Pulmonary & Respiratory Medicine

ISSN: 2161-105X

Open Access

Current Issue

Volume 10, Issue 4 (2020)

    Editorial Note Pages: 1 - 2

    Editorial on Pulmonary & Respiratory Medicine

    Saivishal Goud*

    DOI: DOI: 10.37421/jprm.2020.10.507

    The editorial mission of Pulmonary & Respiratory Medicine is to report scientific research findings that advance understanding of all aspects of pulmonology and respiratory. Research covering a wide range of topics and emerging challenges in pulmonology and respiratory medicine is published. Pulmonary intervention and outcome research furthermore as qualitative and mixed methods analysis are within the editorial focus of Pulmonary Research. Basic, translational, and clinical research is published. Research about Pulmonary and Respiratory, Respiratory therapy is also published as is research describing new or advanced Research methods, Analytic strategies, and Analysis protocols. Our mission at Pulmonary & Respiratory Medicine is to report scientific research findings that advance understanding of all aspects of pulmonology and respiratory. We intend to do this in the way we understand best-through editorial assessment, peer review, academic editing, and highly efficient production processes. We hope that all researchers strive to make their research findings known through careful, unbiased publication such as we aim to provide at Pulmonary & Respiratory Medicine. We welcome your comments and importantly, your continued contributions to achieve the mission we have set for ourselves.

    Research Pages: 1 - 4

    The Use of Robotic Bronchoscopy for Visceral Pleural Marking Prior to Surgical Resection of Pulmonary Nodules

    Chhaya Ronak*, Lam Geoffrey T, Egan John P and Cumbo-Nacheli Gustavo

    DOI: 10.4172/2161-105X.10.502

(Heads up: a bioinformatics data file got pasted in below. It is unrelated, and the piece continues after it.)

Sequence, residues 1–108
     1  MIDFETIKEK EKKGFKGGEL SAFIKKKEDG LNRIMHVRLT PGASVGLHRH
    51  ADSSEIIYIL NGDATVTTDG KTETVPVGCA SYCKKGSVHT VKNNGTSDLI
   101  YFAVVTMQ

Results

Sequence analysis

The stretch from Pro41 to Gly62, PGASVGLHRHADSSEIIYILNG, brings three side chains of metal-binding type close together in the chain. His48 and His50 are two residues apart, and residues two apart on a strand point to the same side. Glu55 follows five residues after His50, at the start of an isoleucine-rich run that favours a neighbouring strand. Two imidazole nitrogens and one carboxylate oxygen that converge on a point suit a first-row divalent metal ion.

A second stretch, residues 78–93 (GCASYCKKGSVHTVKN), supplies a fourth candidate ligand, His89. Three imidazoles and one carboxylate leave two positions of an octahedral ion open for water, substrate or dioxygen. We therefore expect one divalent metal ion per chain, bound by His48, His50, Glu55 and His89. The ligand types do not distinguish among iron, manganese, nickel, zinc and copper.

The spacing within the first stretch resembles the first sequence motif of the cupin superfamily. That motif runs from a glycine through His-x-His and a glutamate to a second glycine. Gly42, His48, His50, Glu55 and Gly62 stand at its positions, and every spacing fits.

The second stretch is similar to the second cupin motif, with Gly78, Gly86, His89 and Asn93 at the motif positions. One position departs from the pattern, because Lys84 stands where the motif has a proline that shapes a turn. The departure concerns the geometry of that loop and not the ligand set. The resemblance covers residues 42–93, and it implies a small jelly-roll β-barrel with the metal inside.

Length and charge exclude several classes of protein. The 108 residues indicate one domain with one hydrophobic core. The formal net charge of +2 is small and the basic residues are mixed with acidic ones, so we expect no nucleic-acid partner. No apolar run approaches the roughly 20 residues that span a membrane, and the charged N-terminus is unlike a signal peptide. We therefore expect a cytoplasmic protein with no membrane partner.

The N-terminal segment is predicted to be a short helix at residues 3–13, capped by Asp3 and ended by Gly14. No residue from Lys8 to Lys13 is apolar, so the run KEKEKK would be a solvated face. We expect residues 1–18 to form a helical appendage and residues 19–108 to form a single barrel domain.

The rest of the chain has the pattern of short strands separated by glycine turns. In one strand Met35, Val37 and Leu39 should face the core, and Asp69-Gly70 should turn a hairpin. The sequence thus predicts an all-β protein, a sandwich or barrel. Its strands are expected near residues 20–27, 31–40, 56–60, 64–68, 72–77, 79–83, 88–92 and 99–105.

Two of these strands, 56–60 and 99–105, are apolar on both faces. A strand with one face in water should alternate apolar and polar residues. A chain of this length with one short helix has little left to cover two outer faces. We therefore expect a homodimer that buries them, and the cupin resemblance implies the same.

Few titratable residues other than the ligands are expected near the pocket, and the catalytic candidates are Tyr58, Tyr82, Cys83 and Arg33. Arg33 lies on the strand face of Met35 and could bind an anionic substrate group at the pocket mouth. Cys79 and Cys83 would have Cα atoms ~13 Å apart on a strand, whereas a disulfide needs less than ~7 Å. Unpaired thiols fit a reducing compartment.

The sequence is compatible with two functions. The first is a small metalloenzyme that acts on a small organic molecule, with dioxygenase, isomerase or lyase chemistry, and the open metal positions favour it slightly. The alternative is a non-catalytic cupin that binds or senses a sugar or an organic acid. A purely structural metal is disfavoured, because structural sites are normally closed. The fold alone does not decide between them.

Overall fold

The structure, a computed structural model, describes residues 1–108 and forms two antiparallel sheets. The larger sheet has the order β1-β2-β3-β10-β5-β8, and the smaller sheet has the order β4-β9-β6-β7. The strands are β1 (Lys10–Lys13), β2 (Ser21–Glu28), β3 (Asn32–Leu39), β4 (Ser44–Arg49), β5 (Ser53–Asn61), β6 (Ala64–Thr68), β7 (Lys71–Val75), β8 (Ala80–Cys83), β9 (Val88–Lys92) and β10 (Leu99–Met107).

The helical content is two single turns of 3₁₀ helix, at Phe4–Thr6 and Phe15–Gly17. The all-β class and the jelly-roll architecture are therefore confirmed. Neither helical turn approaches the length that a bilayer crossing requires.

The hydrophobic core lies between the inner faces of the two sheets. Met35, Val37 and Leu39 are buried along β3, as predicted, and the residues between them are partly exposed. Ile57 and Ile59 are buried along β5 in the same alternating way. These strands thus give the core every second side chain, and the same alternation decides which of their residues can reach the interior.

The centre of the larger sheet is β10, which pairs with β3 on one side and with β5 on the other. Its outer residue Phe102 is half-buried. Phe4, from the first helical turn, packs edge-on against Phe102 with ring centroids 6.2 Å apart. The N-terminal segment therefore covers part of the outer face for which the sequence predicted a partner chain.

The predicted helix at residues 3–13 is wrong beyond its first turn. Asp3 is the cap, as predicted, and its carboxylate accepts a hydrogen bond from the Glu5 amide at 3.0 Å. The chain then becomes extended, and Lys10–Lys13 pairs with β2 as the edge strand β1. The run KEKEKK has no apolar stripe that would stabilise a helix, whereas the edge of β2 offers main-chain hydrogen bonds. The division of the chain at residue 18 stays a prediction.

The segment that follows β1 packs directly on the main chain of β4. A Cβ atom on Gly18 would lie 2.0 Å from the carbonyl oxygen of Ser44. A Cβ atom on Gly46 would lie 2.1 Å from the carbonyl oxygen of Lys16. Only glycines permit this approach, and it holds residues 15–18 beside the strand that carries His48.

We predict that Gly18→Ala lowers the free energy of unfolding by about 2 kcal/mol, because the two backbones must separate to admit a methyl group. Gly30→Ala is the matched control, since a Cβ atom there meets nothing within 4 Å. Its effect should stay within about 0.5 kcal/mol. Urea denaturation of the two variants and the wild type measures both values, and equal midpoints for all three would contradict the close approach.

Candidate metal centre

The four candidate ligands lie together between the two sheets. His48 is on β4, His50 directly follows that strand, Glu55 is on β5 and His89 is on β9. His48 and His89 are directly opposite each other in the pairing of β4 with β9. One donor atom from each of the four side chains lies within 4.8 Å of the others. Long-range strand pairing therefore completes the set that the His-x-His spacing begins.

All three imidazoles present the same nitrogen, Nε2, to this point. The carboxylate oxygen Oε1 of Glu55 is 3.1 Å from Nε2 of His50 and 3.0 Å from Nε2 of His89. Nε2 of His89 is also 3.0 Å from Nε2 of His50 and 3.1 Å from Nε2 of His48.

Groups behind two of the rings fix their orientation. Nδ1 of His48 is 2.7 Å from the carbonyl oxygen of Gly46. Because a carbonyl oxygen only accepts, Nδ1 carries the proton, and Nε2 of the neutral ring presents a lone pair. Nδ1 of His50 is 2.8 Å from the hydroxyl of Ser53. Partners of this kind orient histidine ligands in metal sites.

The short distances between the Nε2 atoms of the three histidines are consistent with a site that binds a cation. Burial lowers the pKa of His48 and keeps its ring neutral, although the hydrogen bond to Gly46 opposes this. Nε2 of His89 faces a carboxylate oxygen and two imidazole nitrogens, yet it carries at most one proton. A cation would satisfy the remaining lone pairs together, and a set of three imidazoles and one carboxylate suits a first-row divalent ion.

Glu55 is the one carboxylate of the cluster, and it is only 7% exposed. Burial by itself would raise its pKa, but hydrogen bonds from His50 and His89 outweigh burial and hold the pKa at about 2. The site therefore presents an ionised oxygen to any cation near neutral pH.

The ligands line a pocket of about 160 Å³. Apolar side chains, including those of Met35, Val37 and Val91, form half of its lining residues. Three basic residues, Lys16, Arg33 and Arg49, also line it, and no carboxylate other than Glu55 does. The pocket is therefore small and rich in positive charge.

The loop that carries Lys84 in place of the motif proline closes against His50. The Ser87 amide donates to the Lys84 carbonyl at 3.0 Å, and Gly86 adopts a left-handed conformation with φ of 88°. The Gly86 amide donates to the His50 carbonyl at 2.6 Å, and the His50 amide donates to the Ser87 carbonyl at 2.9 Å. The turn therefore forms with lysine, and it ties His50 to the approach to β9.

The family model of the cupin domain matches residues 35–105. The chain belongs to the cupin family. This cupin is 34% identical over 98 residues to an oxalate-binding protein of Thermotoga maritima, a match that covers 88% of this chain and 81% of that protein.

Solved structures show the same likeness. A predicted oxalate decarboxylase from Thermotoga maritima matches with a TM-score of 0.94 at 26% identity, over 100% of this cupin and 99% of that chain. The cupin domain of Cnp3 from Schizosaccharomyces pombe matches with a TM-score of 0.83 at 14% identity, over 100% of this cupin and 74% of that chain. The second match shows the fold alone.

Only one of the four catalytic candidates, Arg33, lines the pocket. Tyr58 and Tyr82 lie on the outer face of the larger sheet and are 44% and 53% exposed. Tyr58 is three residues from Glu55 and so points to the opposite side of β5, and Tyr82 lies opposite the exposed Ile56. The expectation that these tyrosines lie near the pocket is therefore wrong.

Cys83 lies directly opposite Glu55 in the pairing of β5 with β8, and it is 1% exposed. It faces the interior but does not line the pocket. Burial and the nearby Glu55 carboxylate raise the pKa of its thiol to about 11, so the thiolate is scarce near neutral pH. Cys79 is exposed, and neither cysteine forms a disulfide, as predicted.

Introduction: Pulmonary nodules suspicious for malignancy may require surgical biopsy. Options include wedge resection using video-assisted thoracoscopic surgery (VATS) or open thoracotomy. Nodules may be identified by visual inspection or digital palpation. Recent localization technical advancements have included preoperative hook wire placement, percutaneous dye injection and electromagnetic navigational bronchoscopy. Intraoperative conversion of VATS to open thoracotomy may stem from unsuccessful nodule localization. We hereby describe a novel approach to preoperative marking of the visceral pleura in order to assist with intraprocedural nodule localization. We present a series of patients who underwent visceral pleural marking by robotic bronchoscopy.

    Materials and Methods: This study was performed at a single institution by two interventional pulmonologists and one cardiothoracic surgeon. Seventeen patients who required wedge resection of pulmonary nodules and underwent preoperative visceral pleural marking were studied. An electromagnetic navigational robotic bronchoscopy platform was utilized for dye marking, with fluoroscopy to facilitate needle placement. The primary objective was to advance the bronchoscope within close proximity of the suspicious nodule and mark the visceral pleura. A Wang needle was used to inject indocyanine green and methylene blue dyes. The robotic scope was then retracted to allow for surgical intervention. Wedge resection via robot-assisted VATS was subsequently performed.